Cards Against Humanity, which is basically a more adult, politically incorrect version of Apples to Apples (the game where you match what you feel is the best response to a companion card laid out by someone), recently did an experimental promotion for their holiday expansion pack. They offered to mail out the extra cards to their customers for a “pay whatever you want” fee. Cards Against Humanity noted that each pack cost about $1 to make but left it up to the individual to decide how much to pay for them.

Given that customers were free to choose how much to pay for the expansion pack (a marketing move that has been done many times before, including by the band Radiohead), you’d think that most people would shell out at least a buck or two instead of going all Grinch-mode and not offering any money whatsoever. Or, conversely, you would expect Cards Against Humanity to require customers to pay at least a dollar for the pack to recoup their printing costs. But no, customers were free to pay nothing, though rest assured this Grinchy behavior didn’t go unnoticed as indicated by their shipping details:

Mean? Yes. Inappropriate? Of course. Unprofessional? Absolutely. But the game is called “Cards Against Humanity” and the whole point of it is to be offensive and terrible, to induce guilty chuckles and groans. So in this instance I’d argue that calling a customer a “Huge Asshole” is completely in line with the company’s brand.

It’s fine for a company to show some emotion, whether it’s being self-deprecating or teasing the customer, so long as it makes sense for the brand and is clearly in good fun. Obviously it would be inappropriate for Disney to refer to one of their customers as a “Huge Asshole,” but Cards Against Humanity can get away with it because of the nature of the product they produce. Note, however, that even Cards Against Humanity would likely face criticism if they used a racial slur or a misogynistic term to address their customers–it’s a fine line between being jokingly mean and actually being hateful.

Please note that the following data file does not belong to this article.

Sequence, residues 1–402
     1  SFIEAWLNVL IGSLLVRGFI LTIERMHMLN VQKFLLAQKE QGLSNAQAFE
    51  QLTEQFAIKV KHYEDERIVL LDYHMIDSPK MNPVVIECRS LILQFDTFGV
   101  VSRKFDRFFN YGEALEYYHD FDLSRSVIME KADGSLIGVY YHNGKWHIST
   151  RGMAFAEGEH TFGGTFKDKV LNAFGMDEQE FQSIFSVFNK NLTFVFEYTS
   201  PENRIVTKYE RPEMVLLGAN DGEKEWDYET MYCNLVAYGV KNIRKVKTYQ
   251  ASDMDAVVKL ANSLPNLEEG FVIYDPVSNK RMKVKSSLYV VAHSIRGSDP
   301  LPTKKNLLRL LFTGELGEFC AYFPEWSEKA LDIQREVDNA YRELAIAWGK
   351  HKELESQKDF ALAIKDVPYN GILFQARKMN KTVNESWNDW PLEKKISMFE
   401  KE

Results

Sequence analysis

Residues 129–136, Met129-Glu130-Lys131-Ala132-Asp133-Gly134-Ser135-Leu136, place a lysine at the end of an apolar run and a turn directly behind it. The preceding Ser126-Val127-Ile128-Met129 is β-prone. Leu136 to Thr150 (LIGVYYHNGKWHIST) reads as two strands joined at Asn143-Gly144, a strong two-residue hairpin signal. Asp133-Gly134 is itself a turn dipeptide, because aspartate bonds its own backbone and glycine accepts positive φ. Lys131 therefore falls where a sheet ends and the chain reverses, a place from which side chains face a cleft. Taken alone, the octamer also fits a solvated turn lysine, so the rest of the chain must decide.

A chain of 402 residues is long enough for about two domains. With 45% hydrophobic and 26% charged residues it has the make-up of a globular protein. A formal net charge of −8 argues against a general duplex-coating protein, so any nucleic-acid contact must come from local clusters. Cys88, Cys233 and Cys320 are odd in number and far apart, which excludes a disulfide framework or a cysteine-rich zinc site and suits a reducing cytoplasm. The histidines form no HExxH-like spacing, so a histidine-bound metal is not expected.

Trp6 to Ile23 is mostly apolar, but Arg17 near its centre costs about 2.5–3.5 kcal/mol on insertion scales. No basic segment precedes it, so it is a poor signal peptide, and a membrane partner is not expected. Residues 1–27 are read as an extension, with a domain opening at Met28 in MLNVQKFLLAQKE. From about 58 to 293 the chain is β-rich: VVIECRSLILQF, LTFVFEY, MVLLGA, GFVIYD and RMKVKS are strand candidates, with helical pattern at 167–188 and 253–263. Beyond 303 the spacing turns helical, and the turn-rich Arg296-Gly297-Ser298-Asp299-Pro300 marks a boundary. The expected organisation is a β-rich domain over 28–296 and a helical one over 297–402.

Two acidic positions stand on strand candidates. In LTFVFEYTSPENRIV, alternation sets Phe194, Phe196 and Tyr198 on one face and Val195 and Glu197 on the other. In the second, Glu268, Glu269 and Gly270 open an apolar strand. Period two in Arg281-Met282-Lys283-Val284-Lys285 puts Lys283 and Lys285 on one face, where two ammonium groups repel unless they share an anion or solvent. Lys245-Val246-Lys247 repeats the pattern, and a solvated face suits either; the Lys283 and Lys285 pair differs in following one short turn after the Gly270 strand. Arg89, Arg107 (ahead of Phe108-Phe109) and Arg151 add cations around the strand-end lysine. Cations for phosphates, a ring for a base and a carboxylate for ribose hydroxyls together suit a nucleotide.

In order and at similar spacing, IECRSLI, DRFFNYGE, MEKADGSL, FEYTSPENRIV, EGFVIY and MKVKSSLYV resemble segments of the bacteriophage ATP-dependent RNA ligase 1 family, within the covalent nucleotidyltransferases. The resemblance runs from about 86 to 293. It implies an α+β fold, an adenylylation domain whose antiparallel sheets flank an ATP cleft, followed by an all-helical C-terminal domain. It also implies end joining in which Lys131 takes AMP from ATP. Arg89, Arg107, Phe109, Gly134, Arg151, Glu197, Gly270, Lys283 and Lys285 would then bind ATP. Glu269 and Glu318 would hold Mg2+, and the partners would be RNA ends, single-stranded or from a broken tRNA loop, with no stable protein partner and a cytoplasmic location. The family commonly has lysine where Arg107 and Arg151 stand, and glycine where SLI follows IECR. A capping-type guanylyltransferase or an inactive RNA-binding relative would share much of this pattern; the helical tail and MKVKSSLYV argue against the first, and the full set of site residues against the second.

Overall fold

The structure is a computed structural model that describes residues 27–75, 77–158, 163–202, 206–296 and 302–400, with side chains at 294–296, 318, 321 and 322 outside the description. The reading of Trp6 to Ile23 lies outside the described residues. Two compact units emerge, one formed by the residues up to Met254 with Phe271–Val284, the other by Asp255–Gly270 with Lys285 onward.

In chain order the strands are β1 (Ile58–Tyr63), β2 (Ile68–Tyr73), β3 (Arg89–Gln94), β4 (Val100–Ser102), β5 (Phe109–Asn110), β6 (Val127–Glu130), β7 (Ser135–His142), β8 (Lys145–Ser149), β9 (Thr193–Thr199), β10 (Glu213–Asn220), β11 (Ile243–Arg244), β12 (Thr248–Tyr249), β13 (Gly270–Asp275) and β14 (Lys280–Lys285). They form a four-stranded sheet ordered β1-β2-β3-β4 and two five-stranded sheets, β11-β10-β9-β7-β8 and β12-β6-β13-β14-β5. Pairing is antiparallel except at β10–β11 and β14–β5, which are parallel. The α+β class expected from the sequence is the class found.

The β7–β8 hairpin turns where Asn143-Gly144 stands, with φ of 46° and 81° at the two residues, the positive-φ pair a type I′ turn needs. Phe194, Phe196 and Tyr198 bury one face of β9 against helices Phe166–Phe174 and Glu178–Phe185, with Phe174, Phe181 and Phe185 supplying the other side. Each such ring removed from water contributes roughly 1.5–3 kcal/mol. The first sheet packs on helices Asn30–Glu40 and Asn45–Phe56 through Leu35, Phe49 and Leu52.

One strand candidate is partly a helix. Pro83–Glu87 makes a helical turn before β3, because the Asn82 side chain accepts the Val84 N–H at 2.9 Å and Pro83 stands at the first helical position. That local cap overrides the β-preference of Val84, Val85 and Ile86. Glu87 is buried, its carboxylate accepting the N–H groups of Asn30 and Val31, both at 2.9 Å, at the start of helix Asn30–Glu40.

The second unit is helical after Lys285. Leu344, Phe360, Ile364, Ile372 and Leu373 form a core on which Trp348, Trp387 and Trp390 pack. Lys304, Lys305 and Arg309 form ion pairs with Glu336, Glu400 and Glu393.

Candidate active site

As for Cards Against Humanity’s holiday experiment, they posted the results on their website. Customers paid an average price of $3.89, with the mean price being $5.00 per pack. They netted a profit of just over $70,000, showing that most people were decent enough not to screw them over for some free cards. And to show that even though they may call their cheapskate customers “Huge Assholes,” they’re not such bad guys after all, they donated all of the profits to the Wikimedia Foundation. It’s a charitable move that does a good job of showing that although Cards Against Humanity is a “mean” game that is sometimes “mean” to its customers, at its core it’s run by a good group of people who know how to push the boundaries just far enough to create laughs.